Tuesday, March 20, 2018

These Young People and Their Hair

Two more fashion statements in hair.  I remember how much my father loathed my long curly hair when I was a teenager.  I refuse to be like that.  Hair is an expression of individuality or identity.  Most young people wear their hair like others to fit in, to be identified as part of their group.  Wearing hair that is totally different, is a statement.  I did it, they do it today, and that is fun. 

I do have fun collecting pictures of the top-knots, or man-buns.  

Did you hair frustrate your parents when you were a teenager? 


  1. No age limits on that look around here. And, if I had hair, there's no telling what I'd do. I had hair below my shoulders in the early '70s. My mother hated it and always commented on it. When I finally did cut it, she grabbed my face and kissed me when she saw. About 10 years ago, when commenting on my balding head, she told a friend of mine, "Oh, he used to have the most beautiful, glorious long hair. It broke my heart when he cut it all off."

    1. "Down to where it stopped by itself" , Mitchell?

    2. Deedles: I wish I had let it grow down to where it stopped by itself. I had a girlfriend with hair like that. Straight, thick, auburn hair that she could sit on. It was beautiful... but boring after a while. And she was known as the girl with the hair, which got really tiresome for her. "Never cut it," everyone would tell her. My mother didn't approve of men with pony tails. So I could never tie back my hair in front of her. She would then complain that my hair was always going in my face or blowing everywhere. Oh Dear God. I always loved "the onion," by the way -- although I called it the puff ball or the donut depending on how it was done.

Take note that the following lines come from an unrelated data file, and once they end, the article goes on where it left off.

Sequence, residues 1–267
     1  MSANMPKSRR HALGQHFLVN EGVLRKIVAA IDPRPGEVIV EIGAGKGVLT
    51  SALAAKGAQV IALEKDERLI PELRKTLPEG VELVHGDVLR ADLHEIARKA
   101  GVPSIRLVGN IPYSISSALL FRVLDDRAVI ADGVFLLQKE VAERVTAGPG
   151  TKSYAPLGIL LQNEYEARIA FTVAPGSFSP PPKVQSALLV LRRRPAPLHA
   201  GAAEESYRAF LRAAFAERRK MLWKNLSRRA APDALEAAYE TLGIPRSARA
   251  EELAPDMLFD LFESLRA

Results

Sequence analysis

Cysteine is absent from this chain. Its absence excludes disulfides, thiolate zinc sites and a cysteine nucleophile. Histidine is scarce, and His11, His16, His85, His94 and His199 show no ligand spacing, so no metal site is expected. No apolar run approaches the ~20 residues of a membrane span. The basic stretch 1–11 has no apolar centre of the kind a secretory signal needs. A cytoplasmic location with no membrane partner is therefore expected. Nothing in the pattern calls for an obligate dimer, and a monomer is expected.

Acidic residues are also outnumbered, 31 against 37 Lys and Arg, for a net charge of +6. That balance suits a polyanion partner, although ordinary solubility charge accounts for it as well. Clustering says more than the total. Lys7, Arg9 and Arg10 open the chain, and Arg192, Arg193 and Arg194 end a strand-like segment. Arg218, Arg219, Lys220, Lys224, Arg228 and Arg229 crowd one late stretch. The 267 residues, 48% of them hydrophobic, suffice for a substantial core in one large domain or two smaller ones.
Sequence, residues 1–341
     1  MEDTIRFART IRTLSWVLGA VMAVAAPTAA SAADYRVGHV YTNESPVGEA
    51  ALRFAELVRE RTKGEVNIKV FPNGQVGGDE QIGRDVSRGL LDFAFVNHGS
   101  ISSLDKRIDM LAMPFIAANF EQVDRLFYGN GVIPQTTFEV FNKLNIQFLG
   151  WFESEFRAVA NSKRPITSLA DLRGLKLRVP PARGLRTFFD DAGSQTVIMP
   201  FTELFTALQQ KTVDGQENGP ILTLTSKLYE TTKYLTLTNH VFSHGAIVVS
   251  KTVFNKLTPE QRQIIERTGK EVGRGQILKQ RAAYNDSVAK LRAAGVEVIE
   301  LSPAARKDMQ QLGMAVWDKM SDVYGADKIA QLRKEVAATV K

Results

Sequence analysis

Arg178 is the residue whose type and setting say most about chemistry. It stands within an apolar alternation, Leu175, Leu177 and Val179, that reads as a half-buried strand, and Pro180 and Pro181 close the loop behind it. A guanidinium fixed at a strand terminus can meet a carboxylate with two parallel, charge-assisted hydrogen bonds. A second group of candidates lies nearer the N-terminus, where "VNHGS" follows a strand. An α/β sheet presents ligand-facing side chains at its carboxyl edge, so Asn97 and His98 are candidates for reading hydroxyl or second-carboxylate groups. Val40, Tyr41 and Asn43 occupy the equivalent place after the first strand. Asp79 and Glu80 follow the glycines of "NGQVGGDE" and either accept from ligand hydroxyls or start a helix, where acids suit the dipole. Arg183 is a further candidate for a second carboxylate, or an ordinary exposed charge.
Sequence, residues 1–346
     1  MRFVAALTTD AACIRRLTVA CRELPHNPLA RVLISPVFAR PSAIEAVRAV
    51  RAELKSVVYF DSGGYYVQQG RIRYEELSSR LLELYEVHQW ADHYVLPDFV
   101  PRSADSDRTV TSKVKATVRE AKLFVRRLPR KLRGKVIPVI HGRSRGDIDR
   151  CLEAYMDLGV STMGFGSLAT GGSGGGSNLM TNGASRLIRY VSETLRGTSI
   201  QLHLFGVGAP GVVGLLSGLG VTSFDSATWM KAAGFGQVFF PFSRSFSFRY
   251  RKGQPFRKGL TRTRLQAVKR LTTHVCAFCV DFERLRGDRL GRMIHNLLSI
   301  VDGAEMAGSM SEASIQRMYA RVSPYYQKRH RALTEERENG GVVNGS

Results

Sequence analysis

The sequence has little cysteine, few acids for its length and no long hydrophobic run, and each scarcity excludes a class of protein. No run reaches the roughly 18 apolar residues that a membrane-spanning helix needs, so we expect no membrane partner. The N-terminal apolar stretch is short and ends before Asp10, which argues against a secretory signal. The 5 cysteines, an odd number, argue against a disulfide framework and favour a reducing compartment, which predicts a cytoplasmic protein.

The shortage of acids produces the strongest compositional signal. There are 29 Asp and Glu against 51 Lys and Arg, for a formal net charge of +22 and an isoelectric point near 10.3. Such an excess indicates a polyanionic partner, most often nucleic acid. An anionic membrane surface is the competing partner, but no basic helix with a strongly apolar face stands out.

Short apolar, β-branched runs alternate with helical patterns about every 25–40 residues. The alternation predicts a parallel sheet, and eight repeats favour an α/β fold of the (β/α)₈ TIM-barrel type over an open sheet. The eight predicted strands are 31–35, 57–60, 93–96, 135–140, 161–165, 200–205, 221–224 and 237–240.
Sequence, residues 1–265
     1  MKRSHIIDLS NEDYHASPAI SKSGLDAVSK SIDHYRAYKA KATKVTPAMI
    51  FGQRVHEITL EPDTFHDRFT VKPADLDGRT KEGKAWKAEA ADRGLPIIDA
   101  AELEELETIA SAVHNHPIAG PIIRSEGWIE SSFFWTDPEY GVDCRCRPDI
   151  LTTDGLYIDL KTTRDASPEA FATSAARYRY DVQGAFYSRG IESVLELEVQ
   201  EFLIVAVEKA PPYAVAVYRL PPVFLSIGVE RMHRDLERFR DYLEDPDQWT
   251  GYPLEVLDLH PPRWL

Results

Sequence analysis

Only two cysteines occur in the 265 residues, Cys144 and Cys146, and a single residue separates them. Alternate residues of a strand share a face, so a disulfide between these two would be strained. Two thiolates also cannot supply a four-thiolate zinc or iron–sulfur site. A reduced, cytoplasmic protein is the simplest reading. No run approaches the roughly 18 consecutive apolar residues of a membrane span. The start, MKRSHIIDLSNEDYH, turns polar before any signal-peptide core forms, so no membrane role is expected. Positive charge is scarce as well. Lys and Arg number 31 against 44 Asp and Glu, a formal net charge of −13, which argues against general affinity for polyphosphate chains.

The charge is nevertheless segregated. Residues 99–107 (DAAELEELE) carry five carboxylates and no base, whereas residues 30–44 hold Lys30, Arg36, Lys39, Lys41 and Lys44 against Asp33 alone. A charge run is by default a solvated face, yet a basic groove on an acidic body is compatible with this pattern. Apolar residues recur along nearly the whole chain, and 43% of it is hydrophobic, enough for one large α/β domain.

2. My parents had six girls. Hair didn't even make the list of frustrations! When afros first came out, my father made us wear them because of Black Pride. I think I was twelve and thought ugh! The funny thing is daddy (they were daddy and mommy until they died) was only a quarter black, if that much. We got used to it because it meant no more hot combing on hair washing day. The only problem he had was when we would put our hair up on top with a rubber band. He called it the onion. Every time I see little black girls with that little afro puff on top, I think of him fondly.